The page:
Today's D Brief: Austin in Ukraine; Israel’s strategy; Army’s Pacific missile plan; China hits divers with sonar; And a bit more.

Pentagon chief Lloyd Austin made an unannounced visit to Ukraine on Monday, and relayed the message “the United States will continue to stand with Ukraine in their fight for freedom against Russia’s aggression, both now and into the future,” he wrote on social media. Austin will be flying back to the States later this week, where he’ll host a virtual meeting of the Ukraine Defense Contact Group. 

Russia resumed drone attacks on Kyiv over the weekend, breaking a 52-day pause with their Iranian-made one-way drones early in the morning Saturday and again on Sunday. The drones came “in waves, from different directions, at the same time constantly changing the vectors of movement along the route,” a military official in Kyiv wrote on Telegram. 

The Ukrainian military claims to have shot down 15 out of 20 of the Shaheds on Sunday, and 29 of 38 on Saturday. Several infrastructure facilities were hit outside of Kyiv, but there were no known casualties, according to Reuters. “I thank all the soldiers of mobile fire groups, the aviation of our air force, and the anti-aircraft missile troops,” President Volodymir Zelenskyy said in his nightly address Sunday. “As winter approaches, there will be more Russian attempts to make the strikes more powerful,” he warned. 

Also visiting Ukraine on Monday: Fox Corporation CEO Lachlan Murdoch. He brought along journalist Benjamin Hall, who was seriously wounded while covering the first weeks of the war back in March 2022. Murdoch met with one of Zelenskyy’s top officials, Andriy Yermak, who briefed the CEO on “the situation at the frontline, protection of Ukrainian skies, the state of the energy sector, the consequences of Russian aggression for civilians and infrastructure, Russian crimes against Ukrainian children, and cooperation between Ukraine, the United States and other international partners,” according to Zelenskyy’s office.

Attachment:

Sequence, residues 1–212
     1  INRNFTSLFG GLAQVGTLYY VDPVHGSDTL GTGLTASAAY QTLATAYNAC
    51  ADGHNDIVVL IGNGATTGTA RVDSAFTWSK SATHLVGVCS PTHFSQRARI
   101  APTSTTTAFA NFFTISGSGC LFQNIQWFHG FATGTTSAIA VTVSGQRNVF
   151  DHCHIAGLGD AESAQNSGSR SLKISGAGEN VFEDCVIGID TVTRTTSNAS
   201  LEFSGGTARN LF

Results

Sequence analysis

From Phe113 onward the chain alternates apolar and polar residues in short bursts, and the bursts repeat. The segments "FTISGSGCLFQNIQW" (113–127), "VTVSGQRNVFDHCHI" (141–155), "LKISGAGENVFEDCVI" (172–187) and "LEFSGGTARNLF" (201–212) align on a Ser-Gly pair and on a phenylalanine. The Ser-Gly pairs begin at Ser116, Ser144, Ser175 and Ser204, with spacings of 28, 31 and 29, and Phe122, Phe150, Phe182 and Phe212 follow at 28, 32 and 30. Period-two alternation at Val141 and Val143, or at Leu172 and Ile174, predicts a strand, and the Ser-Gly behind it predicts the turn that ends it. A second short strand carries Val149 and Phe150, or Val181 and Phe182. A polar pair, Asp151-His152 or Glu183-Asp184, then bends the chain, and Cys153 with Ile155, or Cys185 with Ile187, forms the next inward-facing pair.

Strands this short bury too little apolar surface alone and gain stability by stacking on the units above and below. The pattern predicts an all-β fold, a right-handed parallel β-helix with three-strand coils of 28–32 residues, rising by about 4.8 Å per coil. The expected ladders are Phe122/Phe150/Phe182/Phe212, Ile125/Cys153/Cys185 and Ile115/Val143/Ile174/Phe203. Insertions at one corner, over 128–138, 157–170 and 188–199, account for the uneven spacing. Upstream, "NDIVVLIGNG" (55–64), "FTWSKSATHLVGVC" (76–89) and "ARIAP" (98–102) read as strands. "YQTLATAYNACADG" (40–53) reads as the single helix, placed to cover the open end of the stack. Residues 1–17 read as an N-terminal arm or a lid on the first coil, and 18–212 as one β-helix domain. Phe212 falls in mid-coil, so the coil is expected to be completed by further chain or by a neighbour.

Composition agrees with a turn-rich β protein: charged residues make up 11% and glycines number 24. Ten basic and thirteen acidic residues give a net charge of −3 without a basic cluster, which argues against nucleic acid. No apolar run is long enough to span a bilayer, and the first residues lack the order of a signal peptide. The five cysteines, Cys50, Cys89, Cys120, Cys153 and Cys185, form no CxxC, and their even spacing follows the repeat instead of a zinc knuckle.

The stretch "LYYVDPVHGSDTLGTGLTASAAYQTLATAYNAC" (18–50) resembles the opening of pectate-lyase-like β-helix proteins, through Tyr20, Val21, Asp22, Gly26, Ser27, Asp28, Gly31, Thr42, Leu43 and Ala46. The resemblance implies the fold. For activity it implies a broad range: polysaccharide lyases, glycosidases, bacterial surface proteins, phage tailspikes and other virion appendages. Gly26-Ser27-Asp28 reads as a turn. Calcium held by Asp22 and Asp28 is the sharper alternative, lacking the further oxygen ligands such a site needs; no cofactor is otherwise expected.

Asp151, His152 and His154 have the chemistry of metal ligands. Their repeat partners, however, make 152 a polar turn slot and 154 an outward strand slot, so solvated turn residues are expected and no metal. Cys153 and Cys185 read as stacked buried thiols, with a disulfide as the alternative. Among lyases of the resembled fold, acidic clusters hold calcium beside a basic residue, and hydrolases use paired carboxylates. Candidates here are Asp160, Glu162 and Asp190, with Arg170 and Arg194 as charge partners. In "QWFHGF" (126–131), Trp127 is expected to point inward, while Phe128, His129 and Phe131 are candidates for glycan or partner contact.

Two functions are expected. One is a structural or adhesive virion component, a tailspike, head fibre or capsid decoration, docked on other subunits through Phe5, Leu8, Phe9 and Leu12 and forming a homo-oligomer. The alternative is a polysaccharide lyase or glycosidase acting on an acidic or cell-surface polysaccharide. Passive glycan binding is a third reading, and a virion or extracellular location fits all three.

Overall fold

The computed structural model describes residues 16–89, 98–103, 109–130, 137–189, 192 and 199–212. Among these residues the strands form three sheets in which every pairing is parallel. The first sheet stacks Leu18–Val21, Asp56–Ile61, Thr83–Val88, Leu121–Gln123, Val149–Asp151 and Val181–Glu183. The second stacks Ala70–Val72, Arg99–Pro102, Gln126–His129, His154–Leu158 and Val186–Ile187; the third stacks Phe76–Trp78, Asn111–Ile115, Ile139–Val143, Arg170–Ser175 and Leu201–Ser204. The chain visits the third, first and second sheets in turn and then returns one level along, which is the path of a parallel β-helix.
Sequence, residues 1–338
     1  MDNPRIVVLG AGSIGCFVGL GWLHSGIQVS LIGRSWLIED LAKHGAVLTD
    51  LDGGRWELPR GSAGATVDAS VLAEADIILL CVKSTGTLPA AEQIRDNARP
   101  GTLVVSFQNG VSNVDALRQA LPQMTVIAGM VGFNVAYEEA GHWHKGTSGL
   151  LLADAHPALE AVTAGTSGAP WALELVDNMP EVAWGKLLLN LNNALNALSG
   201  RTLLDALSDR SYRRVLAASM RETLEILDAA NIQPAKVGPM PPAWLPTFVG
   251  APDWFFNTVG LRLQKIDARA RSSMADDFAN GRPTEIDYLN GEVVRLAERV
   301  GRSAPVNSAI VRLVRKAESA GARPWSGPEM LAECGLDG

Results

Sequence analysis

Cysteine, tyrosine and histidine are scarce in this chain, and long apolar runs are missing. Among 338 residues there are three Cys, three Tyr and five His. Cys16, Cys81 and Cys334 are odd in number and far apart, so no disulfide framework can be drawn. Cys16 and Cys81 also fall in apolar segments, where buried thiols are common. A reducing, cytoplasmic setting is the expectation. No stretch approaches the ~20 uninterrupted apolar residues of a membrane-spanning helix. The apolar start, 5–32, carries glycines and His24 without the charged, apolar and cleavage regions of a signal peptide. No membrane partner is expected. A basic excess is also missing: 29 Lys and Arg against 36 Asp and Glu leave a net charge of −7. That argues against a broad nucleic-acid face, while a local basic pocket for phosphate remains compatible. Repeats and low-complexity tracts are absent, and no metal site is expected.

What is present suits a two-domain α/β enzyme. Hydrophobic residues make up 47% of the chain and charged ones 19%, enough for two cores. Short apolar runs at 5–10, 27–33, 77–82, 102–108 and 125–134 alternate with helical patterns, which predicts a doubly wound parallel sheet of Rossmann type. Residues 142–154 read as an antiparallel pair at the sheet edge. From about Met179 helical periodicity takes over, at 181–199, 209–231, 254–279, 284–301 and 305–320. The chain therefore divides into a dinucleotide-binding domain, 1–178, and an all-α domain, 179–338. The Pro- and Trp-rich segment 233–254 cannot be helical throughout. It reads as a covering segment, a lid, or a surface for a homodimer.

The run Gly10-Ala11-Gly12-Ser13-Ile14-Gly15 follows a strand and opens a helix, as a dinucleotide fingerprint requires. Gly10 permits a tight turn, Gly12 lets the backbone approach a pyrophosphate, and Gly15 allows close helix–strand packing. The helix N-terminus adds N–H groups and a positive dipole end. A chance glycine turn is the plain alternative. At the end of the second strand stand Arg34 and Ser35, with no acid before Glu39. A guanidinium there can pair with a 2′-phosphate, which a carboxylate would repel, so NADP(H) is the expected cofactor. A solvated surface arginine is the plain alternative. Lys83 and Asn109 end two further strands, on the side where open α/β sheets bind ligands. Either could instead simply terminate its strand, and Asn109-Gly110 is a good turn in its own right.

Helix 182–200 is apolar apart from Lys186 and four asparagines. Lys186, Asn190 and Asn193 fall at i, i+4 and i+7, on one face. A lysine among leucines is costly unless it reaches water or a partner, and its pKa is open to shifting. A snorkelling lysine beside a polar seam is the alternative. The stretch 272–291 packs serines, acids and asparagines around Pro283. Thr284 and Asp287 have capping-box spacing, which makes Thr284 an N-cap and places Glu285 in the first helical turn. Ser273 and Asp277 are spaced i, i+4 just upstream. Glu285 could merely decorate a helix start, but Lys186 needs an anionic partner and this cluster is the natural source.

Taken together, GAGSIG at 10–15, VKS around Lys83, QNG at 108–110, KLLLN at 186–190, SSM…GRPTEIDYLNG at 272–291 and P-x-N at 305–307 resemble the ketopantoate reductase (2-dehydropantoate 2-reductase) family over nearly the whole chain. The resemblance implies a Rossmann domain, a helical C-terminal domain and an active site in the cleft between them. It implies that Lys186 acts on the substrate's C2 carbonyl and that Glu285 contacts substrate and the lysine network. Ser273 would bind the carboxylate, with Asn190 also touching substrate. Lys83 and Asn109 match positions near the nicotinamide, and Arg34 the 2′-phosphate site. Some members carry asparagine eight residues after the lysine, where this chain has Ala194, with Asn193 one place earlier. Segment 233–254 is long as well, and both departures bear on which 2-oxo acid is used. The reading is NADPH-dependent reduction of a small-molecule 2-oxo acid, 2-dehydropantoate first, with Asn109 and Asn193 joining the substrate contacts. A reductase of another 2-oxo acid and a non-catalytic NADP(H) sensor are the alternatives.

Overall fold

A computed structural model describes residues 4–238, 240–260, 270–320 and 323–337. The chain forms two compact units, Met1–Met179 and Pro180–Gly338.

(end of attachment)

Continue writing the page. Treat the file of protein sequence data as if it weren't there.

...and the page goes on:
ICYMI: Zelenskyy thanked Germany, Finland, and Lithuania for their recent military aid packages, which were each announced last week. 

The White House on Friday announced an upcoming Defense Industrial Base Conference during the first week of December. That two-day event is intended to bring together “U.S. and Ukrainian industry and government representatives to explore opportunities for co-production and other industrial cooperation,” the White House said. 

President Joe Biden linked the war in Ukraine with Israel’s war against Hamas in an op-ed published Saturday in the Washington Post. “If we walk away from the challenges of today, the risk of conflict could spread, and the costs to address them will only rise. We will not let that happen,” Biden writes. “That conviction is at the root of my approach to supporting the people of Ukraine as they continue to defend their freedom against Putin’s brutal war,” he adds. 

“Both Putin and Hamas are fighting to wipe a neighboring democracy off the map,” the president warned. “And both Putin and Hamas hope to collapse broader regional stability and integration and take advantage of the ensuing disorder. America cannot, and will not, let that happen. For our own national security interests—and for the good of the entire world.” Read on, here